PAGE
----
Move forward. Move forward. Just keep moving.

After the final aid station (mile 44), there was a three mile ascent. Yes...THREE MILES! It was a complete sufferfest. I am SO glad that hiking was an integral part in my training. Dudes that looked in WAY better shape (physically) than me were having to step off the trail in order to regain composure....and I never saw them again. If a steep ascent at the end of a 50 mile race isn't enough torture....there was a barbed wire fence that runners had to climb over via ladder. Navigating a ladder when you have 45 miles on your's hilarious in a cruel joke way.

I would have been thrilled to reach the top of the final ascent IF I didn't know that I would have to turn around and run back down in order to reach the finish.

Something ignited within me as I began descending. At first, I was barely hobbling down...but then I was suddenly running again....and quickly!

The Final Descent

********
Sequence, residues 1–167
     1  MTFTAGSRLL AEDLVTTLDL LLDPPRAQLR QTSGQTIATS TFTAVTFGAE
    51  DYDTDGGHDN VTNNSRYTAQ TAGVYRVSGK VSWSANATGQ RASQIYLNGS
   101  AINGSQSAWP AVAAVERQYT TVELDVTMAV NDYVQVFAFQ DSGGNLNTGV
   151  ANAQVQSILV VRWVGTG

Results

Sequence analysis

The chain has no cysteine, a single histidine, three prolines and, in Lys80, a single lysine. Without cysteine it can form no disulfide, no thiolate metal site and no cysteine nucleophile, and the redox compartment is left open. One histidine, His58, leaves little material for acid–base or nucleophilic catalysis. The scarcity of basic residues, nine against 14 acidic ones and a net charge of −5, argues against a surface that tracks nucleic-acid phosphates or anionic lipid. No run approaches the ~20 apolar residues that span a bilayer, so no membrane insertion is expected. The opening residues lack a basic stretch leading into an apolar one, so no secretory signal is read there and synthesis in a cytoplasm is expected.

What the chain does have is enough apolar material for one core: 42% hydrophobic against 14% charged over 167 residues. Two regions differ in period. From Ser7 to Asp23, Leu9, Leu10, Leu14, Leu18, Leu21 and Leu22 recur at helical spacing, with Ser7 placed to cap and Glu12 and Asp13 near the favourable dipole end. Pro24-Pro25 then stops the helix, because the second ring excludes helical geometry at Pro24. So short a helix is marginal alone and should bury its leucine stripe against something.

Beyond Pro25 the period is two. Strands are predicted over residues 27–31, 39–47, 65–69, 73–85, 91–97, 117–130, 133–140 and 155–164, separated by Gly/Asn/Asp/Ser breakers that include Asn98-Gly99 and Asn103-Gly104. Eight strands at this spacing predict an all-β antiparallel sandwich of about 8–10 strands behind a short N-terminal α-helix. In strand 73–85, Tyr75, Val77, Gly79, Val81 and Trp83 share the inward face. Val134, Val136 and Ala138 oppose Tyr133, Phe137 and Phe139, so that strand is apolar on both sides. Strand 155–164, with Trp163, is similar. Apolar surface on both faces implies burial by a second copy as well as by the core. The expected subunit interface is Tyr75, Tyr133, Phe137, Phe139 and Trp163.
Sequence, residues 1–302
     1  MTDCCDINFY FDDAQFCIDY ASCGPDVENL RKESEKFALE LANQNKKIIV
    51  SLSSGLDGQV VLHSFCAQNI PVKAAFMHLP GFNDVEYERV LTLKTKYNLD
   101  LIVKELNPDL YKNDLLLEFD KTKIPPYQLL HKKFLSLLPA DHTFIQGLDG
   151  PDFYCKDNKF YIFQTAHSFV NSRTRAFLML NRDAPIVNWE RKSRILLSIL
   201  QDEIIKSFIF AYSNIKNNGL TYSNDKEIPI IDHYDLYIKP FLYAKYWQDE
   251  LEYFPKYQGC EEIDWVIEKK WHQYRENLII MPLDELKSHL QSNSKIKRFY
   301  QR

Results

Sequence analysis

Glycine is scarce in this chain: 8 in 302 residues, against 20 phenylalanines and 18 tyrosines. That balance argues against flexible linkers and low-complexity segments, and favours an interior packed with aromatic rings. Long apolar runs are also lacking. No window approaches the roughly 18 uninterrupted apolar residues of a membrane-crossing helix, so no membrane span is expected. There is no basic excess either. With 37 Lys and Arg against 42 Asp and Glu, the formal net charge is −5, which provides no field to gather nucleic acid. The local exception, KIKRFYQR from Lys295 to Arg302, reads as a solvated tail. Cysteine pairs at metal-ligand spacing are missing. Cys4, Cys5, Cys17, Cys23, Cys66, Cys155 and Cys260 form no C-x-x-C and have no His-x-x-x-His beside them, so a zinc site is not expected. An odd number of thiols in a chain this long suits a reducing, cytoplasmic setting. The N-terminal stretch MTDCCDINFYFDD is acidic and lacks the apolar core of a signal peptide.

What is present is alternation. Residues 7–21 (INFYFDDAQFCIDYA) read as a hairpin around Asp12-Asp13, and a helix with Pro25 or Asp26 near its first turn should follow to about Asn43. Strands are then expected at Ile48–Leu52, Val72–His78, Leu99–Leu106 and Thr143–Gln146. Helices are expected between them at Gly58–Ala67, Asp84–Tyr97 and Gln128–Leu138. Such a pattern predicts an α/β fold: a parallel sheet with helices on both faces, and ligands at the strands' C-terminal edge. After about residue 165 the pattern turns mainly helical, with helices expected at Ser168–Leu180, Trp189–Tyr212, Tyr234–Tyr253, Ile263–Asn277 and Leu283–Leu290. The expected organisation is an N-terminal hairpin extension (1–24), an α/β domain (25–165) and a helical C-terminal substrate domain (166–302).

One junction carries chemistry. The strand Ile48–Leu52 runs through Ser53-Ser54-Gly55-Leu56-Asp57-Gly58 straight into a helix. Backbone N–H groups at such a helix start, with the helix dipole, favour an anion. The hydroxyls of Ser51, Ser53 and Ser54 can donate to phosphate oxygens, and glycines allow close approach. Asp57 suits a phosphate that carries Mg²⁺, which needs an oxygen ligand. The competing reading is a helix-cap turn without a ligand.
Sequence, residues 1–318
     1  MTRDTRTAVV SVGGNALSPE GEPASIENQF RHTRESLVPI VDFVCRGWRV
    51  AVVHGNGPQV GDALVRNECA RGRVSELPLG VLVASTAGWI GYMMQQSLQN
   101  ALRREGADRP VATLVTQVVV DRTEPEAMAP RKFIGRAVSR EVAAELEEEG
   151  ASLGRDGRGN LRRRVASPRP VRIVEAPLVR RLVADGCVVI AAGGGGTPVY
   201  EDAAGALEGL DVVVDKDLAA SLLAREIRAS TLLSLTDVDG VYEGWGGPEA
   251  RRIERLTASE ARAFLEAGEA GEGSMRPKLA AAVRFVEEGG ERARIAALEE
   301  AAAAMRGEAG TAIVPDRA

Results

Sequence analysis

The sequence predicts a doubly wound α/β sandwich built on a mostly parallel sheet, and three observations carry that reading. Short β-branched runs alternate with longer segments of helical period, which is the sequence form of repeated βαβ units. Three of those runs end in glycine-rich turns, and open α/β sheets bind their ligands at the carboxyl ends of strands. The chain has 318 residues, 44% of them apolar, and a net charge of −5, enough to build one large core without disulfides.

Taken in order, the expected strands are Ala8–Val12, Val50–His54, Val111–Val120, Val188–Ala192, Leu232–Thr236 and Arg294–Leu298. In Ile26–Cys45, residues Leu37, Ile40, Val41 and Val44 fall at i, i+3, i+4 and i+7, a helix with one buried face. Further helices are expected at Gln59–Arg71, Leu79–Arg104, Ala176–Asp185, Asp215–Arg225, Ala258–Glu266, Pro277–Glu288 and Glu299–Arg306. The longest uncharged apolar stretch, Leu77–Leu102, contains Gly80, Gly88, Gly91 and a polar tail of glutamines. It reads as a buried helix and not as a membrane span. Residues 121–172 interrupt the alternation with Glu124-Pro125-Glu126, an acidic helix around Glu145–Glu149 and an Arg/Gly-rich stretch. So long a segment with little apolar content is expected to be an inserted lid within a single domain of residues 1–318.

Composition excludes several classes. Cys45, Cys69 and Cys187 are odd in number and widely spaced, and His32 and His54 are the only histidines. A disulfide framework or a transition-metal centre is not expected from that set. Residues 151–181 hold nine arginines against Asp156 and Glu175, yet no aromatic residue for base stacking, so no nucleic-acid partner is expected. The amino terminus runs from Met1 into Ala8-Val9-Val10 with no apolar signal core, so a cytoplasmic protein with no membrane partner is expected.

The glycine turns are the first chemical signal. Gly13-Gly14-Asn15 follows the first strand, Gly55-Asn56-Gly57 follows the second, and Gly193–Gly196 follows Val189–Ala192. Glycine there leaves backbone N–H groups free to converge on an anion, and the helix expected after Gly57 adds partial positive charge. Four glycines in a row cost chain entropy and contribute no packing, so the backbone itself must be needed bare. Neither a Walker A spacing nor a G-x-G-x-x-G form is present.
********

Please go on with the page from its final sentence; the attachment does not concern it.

My husband's first words to me were...."You did it!"
I think he was just as shocked as I was.
Hell...I'm still shocked.
Did it really happen?!?


Tuesday, May 19, 2015

Sun Mountain 50 (Countdown)

This post is a disaster....please stick with me....I started writing this BEFORE the Sun Mountain 50.
This is part one of a rather long recap....


I'm a ball of nervous, frantic energy.....In 48 hours, I will be almost six hours into the Sun Mountain 50 miler. I'm hoping that I'll be hitting the 50k mark and still in relatively decent spirits.

I'm learning that A LOT of preparation goes into a race this long.

This is the first race that I've ever been remotely concerned about making the aid station cut-off times. I've poured over the elevation map in order to estimate timeframes in which I'll roll into the stations. Pacing is going to be REALLY hard....I have to be really conscious of sticking to a sustainable pace while simultaneously ensuring that I'm not having to sprint in order to make the cut-off. Sprinting (for me) is the discomfort equivalent of being repeatedly kicked in your girl parts. The bearded partner expects to touch bases along the course in order to provide moral support (SMOOCHIES). Yes, I have a goal for the finishing time of this race but I NEVER share until after the race.

Sun Mountain 50 Elevation Map (Provided by Rainshadow Running)